Welcome satanic hordes to another installment of Within The Abyss. Each month we review black metal albums from bands from all over the globe in numerous styles such as folk/black metal, blackened death metal and bands more aligned to traditional black metal. This month’s reviews include new albums by Ancient Wisdom, Gorgon, Morgarten, Sojourner, Sxuperion, Vincent Crowley and Winter Eternal.
Ancient Wisdom – A Celebration Of Honor In Death (Avantgarde)
Although originally containing more than one member, Vargher is now the sole member of Ancient Wisdom. Playing in Bewitched and Naglfar, he’s a fixture in Sweden’s extreme metal scene. Although he formed Ancient Wisdom in 1993, he hasn’t released an album since 2004. Now, he returns with another atmospheric/symphonic black metal opus via A Celebration In Honor Of Death.
It is not a fast, blast-beating, tremolo picked album. It functions at a medium to slow, semi-doomy pace. Less riff-oriented than earlier albums, guitars thump (“The Coronation”), and are melodic, disharmonic, and doomy (“Breaking the Circle of Life.”) Diverse keys define the album’s gothic atmosphere. Bells, ethereal keys, organ, choirs and piano (“And God Saw”) shape the album’s tone. Vocal refrain make the album catchy as heard on “Breaking the Circle of Life,” “Towards Your Destruction” and the album title vocalized on “The Coronation.” A Celebration Of Honor In Death excels in its gothic sensibilities.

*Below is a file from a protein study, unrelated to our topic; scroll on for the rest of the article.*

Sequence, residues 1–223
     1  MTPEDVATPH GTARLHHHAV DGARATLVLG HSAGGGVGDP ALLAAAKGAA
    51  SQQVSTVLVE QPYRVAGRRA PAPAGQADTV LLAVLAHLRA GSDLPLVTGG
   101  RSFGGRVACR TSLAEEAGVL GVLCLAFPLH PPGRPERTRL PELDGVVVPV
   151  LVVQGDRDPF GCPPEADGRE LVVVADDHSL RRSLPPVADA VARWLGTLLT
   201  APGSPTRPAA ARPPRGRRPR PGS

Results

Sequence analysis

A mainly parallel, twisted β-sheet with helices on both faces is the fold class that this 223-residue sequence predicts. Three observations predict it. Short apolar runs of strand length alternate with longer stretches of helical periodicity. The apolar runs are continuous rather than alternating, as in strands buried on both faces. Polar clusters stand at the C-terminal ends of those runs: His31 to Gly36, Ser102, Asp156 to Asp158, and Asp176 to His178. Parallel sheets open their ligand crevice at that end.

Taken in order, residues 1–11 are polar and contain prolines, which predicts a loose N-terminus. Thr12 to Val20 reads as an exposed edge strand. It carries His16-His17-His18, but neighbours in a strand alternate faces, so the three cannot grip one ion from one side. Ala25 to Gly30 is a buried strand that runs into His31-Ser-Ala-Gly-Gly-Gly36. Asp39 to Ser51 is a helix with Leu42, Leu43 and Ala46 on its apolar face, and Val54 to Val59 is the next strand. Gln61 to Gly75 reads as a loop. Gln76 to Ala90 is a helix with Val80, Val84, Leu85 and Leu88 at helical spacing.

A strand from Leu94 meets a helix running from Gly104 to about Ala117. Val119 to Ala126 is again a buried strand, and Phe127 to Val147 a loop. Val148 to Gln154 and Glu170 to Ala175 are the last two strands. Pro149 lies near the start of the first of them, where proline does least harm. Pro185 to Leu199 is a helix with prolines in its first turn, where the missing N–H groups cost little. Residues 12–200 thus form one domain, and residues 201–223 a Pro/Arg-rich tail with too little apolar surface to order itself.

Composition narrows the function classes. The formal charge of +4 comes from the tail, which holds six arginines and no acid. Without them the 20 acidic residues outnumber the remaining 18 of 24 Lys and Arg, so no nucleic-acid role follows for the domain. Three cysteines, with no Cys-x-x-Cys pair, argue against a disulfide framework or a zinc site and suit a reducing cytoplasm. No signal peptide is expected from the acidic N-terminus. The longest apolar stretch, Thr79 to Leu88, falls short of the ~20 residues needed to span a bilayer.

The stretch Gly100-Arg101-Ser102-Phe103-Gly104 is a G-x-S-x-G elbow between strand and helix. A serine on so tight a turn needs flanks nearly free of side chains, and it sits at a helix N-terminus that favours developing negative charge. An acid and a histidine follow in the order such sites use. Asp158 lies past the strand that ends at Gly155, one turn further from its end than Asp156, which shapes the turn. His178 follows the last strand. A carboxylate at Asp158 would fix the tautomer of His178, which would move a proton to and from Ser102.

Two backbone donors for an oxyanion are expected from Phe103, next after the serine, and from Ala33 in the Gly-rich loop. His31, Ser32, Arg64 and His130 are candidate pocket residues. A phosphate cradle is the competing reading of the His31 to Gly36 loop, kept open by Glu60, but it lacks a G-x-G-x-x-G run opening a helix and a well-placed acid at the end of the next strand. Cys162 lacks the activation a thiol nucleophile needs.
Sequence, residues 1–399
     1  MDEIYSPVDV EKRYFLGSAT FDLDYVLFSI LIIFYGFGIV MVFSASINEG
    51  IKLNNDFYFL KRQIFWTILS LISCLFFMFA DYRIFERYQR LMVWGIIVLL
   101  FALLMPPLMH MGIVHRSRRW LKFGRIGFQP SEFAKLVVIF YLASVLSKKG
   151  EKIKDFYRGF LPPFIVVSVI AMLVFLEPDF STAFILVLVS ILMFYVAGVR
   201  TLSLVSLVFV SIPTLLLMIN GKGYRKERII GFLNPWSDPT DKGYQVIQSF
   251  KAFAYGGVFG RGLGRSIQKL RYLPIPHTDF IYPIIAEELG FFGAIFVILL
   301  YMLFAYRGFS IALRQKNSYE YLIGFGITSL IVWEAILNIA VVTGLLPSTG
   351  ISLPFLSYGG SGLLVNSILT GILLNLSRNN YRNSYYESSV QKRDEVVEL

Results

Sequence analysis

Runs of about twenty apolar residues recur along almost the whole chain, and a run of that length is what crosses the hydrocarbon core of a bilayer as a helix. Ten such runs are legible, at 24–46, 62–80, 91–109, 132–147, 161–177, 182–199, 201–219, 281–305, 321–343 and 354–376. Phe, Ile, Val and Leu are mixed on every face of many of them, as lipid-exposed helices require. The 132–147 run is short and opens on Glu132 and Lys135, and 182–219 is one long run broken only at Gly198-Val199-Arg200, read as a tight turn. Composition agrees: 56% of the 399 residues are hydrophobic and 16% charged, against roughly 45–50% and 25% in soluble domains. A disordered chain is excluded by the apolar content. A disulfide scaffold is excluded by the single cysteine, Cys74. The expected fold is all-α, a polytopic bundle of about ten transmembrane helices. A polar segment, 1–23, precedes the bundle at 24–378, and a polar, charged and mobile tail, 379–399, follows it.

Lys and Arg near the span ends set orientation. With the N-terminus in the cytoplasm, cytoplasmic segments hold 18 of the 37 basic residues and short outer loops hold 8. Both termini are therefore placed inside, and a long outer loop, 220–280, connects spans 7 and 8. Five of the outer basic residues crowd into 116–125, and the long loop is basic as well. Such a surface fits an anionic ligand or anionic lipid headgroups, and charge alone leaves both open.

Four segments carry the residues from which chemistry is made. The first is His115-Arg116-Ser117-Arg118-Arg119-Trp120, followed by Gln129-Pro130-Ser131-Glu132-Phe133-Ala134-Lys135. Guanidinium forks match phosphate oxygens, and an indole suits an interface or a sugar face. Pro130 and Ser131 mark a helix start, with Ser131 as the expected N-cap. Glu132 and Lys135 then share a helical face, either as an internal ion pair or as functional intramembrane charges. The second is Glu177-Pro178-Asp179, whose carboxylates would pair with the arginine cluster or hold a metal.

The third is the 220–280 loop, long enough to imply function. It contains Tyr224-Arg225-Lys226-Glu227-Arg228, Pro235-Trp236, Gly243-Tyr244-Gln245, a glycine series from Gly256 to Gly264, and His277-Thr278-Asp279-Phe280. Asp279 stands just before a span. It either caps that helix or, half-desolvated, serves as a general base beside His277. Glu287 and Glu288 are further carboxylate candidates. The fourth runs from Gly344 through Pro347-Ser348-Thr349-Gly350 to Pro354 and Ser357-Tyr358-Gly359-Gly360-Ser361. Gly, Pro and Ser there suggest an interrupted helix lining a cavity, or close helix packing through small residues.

Gorgon – Traditio Satanae (Osmose)
France’s Gorgon were on hiatus for most of the new millennium, but made a comeback in 2019 with The Veil of Darkness. Their latest offering, Traditio Satanae marks 30 years since the French band formed. It is a fitting title since the album is very much in line with the traditional sound of black metal’s second wave.
Gorgon put their best cloven hoof forward on the first track “Blood of Sorcerer.” A brief intro of feedback leads right into this speedy track. Machine-gun style vocal lines, blasting drums and swift picking define this song. The chorus line is very catchy too on this brief song. Tracks such as “Let Me See Behind” and “The Long Quest” follow similar, scorching paths with emotional guitars. Other tracks follow a mid-paced motion, even a hint of black ‘n’ roll on “Entrancing Cemetery.” Compared to earlier efforts, Traditio Satanae is a stripped-down-yet-polished version of Gorgon that shows the band are truly back.
Morgarten – Cry Of The Lost (Inner Wound)
Swiss black/folk faction Morgarten return with their sophomore album Cry Of The Lost. It is a concept album about the legend of Swiss hero Arnold von Winkelried. The group chose specific historical events to create this musical, medieval novel. The epic quality of the music properly conveys this hero story.
Cry Of The Lost is built around majestic keyboards. The mixed was handled by Jens Bogren who is known for working with Dimmu Borgir. “Sons of Darkness” definitely brings to mind Dimmu Borgir including a mischievous ending section. Vocally, Pierric combines blackened rasp with robust cleans. Pierric and other members create choirs for mead swinging moments. Pierric also plays bag pipes, which are paired with tribal drumming on “Tales of My Lands.” Pierric and Ilann create much of the medieval sound through guitar harmonies. Cry Of The Lost is a regal album that will appeal to fans of Ensiferum and Eluveitie.
Sojourner – Perennial (Napalm)